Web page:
- Very legible screen. Easy to change font size.
- Grayscale quality is excellent, much more than one would expect for 16 shades
- Wireless transmission of stuff. The reviewers are right, this is killer.
- Nice form factor. Not too big, not too small.
- Well built. Feels good and solid.
- No monthly service plan. To me, this is huge. You get wireless with no monthly plan. I don't know how long they can keep this up.
- Some access to the internet. I access Google mobile apps and it sort of works. So I can view my calendar, documents, email, etc. while on the road. I don't have a mobile phone internet connection, so this is a nice option for me. Nicer because there's no monthly fee.
- 2-week free trial period for magazines and newspapers. This is key, as you see in cons.
- Poor quality implementation of e-books/mags. Keep in mind, the user interface isn't great to start with. Add to that, the publishers need to support features in order to enhance the reading experience. An example of a huge e-book fail is Analog Science Fiction/Fact. They apparently just export a text file of their magazine. The e-book version doesn't even have a table of contents so you can't jump to individual articles! You have to flip through, painful page by painful page. Plus, the other people who have reviewed it indicate that it usually lags the printed magazine release by months. WTF?! A science magazine can't even get the most basic aspect of an e-zine right?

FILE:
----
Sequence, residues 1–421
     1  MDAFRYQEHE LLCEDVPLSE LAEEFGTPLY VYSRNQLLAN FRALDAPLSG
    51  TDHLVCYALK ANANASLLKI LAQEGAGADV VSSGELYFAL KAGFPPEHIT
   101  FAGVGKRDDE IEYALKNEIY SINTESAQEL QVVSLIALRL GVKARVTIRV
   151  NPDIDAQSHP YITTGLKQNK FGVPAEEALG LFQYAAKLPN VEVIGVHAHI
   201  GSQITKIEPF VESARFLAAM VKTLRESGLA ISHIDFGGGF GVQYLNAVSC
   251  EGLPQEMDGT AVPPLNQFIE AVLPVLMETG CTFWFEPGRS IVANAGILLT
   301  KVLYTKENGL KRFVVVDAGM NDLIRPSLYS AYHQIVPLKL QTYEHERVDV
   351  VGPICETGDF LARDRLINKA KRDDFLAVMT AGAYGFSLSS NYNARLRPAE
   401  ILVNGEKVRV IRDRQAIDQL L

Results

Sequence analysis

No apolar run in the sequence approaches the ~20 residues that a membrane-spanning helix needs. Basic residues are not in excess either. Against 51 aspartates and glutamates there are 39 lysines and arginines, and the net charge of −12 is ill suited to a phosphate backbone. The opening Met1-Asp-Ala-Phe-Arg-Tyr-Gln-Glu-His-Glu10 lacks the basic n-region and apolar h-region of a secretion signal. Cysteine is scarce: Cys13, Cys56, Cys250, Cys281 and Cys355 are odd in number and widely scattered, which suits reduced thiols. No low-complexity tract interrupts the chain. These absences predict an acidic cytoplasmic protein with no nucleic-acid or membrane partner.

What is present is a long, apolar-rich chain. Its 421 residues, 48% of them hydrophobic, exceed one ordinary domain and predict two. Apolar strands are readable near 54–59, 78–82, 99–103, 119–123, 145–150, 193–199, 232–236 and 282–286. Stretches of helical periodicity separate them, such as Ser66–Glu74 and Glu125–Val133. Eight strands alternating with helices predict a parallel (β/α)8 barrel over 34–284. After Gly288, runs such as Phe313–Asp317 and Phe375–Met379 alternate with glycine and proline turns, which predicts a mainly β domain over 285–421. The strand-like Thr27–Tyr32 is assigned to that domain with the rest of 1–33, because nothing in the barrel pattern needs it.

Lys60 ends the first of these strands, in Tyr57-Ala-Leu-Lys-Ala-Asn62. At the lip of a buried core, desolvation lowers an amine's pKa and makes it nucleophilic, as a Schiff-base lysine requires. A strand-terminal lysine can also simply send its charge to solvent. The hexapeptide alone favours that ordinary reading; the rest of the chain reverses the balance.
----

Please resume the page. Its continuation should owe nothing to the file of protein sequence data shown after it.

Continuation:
- UPDATE: I got Asimov's and it had the same problem, so I scrolled through the pages and found one that had a link to a table of contents. That seems to get me a real TOC for the issue. But the Kindle "menu" button doesn't allow you to get to the TOC.
- Poor user interface design. Given the limitations of the control nipple for moving around on the screen, they should have a variety of keyboard shortcuts for doing common things. Since they've got that "alt" key, may as well use it!
- Relating to that, the browser, considered an experimental feature, kind of blows. Any time you start typing, the keys go to the URL. So, if you're using a mobile site that has shortcuts, there's no way to access them short of using the nipple to move the cursor down the screen. Really painful.